The new law authorizes the transfer of cases from jurisdictions without VTCs to adjacent counties with VTCs and requires the chief administrative judge to establish new VTCs, to the extent practicable.
Monday, April 19, 2021
• The applicant must be a U.S. citizen, non-citizen national, or qualified alien who incurred funeral expenses after Jan. 20, 2020 for a death attributed to COVID-19.
• If multiple individuals contributed toward funeral expenses, they should apply under a single application as applicant and co-applicant. FEMA will also consider documentation from other individuals not listed as the applicant and co-applicant who may have incurred funeral expenses as part of the registration for the deceased individual.
• An applicant may apply for multiple deceased individuals.
• The COVID-19-related death must have occurred in the United States, including the U.S. territories and the District of Columbia.
• This assistance is limited to a maximum financial amount of $9,000 per funeral and a maximum of $35,500 per application.
• Funeral assistance is intended to assist with expenses for funeral services and interment or cremation.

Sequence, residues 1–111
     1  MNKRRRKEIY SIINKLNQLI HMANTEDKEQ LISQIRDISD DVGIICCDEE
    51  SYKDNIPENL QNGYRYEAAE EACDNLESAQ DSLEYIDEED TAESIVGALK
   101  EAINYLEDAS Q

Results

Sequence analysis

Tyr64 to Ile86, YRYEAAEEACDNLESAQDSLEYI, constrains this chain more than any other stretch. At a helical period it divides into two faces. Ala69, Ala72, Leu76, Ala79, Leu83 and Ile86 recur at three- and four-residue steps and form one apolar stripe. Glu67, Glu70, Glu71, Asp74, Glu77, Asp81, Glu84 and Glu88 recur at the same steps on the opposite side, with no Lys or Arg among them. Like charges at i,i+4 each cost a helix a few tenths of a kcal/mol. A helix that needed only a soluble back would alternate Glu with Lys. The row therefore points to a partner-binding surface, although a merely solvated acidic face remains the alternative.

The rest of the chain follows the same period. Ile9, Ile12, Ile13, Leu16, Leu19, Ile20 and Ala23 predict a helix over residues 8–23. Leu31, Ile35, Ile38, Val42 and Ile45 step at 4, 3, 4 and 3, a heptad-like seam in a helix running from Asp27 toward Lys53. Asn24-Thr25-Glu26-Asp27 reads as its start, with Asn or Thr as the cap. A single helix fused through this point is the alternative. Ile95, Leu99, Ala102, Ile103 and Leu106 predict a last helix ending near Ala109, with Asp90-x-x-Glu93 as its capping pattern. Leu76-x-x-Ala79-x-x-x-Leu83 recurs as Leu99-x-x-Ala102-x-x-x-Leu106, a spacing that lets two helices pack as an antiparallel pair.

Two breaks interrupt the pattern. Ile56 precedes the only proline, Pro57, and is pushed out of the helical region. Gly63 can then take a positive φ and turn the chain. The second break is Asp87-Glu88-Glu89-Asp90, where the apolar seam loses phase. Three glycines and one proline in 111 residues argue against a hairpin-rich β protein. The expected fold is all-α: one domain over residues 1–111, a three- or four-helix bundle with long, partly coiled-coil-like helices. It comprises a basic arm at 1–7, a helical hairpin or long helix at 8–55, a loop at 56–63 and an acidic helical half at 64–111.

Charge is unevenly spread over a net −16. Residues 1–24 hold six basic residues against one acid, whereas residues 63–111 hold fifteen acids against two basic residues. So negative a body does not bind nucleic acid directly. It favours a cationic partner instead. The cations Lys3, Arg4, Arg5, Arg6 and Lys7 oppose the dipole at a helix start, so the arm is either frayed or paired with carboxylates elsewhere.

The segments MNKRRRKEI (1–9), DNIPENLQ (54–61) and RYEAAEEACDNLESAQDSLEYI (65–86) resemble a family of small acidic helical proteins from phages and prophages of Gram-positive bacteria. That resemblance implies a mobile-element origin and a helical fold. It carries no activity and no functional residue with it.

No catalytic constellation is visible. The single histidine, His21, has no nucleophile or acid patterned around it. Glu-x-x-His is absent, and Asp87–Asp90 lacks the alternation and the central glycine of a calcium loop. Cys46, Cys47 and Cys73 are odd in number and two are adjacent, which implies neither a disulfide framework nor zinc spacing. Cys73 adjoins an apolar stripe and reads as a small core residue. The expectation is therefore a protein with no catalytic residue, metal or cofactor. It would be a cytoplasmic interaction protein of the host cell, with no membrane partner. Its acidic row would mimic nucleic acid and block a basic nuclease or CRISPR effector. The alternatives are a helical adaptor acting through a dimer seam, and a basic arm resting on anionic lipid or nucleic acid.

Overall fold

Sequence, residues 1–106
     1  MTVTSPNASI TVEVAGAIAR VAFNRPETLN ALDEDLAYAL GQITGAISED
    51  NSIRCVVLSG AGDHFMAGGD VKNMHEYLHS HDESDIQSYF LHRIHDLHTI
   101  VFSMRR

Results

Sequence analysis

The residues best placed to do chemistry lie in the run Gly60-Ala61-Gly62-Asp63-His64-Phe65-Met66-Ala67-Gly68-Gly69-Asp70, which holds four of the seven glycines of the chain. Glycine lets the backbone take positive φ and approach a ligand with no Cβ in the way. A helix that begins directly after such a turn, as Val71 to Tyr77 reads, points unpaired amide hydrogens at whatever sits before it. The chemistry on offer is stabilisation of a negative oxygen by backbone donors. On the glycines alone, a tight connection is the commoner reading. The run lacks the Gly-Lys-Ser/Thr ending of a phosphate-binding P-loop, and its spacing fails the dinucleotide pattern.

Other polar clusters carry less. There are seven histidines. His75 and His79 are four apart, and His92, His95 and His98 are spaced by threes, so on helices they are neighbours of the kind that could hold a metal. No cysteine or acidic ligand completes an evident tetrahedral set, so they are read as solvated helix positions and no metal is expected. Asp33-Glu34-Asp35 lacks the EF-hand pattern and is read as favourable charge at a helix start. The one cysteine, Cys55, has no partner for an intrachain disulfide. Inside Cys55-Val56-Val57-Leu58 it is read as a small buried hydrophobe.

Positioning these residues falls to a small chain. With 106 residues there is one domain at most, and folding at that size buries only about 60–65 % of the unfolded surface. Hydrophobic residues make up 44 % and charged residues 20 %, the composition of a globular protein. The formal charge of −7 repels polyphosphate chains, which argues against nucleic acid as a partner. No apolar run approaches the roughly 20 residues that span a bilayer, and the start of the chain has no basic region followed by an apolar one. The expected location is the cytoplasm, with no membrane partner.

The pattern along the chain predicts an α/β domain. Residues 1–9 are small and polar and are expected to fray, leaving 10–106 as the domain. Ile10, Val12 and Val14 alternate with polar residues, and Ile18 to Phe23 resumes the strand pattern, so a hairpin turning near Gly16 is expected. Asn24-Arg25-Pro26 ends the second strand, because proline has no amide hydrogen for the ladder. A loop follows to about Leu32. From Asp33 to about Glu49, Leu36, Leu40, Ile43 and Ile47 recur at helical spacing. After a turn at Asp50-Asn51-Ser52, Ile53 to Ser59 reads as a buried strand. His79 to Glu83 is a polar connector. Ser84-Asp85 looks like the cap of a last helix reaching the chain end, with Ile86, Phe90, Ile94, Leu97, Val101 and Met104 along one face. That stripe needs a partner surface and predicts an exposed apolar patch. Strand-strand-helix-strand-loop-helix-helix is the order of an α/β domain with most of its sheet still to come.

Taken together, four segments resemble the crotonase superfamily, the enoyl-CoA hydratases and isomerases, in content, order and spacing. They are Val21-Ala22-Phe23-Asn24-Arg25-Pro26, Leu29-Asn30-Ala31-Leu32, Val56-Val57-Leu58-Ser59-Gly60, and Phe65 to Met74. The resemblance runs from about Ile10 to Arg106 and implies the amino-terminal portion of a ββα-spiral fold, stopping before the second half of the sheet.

For more information, click here.
Monday, April 12, 2021
Thursday, April 8, 2021
In addition, the proposed resolution asks the state legislature to mandate that all such cryptocurrency mining operations permitted within the state operate solely on renewable energy, such as wind, solar, geothermal or hydropower.
The resolution was introduced by Legislator Mark Rondinaro (R-District 7). It was drafted by County Planning Director Kristin Van Horn, with input from County Attorney Steven Getman and the County’s Environmental Management Council. It targets mining operations having peak power demand of more than 50 kilowatts.
If passed, copies of Schuyler County’s resolution will be forwarded to state officials, requesting further action on potential regulations.
The resolution is directed at operations statewide and does not single out any specific cryptocurrency mining facility, such as the Greenidge Generation plant and bitcoin mining facility in neighboring Yates County. That facility recently began to mine the cryptocurrency bitcoin and is reportedly seeking a permit from the Town of Torrey Planning Board to expand. Opponents of the expansion claim the additional computers will have adverse impacts on the environment. Greenidge officials have disputed that claim.
The April 12 meeting of the Schuyler County Legislature will be held at 6:30 pm at the County Human Services Complex, 323 Owego Street, Montour Falls, NY. The public is encouraged and invited to attend. All COVID-related social distancing and masking rules will apply.
A complete copy of the proposed resolution can be seen below.